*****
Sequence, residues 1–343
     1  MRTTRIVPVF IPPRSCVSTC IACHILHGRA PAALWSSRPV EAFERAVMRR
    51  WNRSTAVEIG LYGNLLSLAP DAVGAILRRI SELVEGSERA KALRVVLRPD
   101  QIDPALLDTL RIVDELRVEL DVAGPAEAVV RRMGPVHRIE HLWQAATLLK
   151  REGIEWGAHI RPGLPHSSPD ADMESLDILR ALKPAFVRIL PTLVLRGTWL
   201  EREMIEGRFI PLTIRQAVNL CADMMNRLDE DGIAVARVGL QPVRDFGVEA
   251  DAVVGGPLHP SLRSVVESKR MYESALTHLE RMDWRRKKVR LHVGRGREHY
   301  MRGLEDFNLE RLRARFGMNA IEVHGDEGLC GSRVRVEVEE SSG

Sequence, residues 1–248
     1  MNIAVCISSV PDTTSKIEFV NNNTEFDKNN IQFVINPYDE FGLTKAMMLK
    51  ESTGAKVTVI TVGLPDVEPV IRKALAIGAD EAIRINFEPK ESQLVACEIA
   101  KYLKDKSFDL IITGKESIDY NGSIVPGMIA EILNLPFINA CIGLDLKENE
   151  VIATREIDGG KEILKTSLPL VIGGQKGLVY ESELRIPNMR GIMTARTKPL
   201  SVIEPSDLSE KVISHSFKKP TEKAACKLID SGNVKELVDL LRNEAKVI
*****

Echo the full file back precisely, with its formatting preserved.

Sequence, residues 1–343
     1  MRTTRIVPVF IPPRSCVSTC IACHILHGRA PAALWSSRPV EAFERAVMRR
    51  WNRSTAVEIG LYGNLLSLAP DAVGAILRRI SELVEGSERA KALRVVLRPD
   101  QIDPALLDTL RIVDELRVEL DVAGPAEAVV RRMGPVHRIE HLWQAATLLK
   151  REGIEWGAHI RPGLPHSSPD ADMESLDILR ALKPAFVRIL PTLVLRGTWL
   201  EREMIEGRFI PLTIRQAVNL CADMMNRLDE DGIAVARVGL QPVRDFGVEA
   251  DAVVGGPLHP SLRSVVESKR MYESALTHLE RMDWRRKKVR LHVGRGREHY
   301  MRGLEDFNLE RLRARFGMNA IEVHGDEGLC GSRVRVEVEE SSG

Sequence, residues 1–248
     1  MNIAVCISSV PDTTSKIEFV NNNTEFDKNN IQFVINPYDE FGLTKAMMLK
    51  ESTGAKVTVI TVGLPDVEPV IRKALAIGAD EAIRINFEPK ESQLVACEIA
   101  KYLKDKSFDL IITGKESIDY NGSIVPGMIA EILNLPFINA CIGLDLKENE
   151  VIATREIDGG KEILKTSLPL VIGGQKGLVY ESELRIPNMR GIMTARTKPL
   201  SVIEPSDLSE KVISHSFKKP TEKAACKLID SGNVKELVDL LRNEAKVI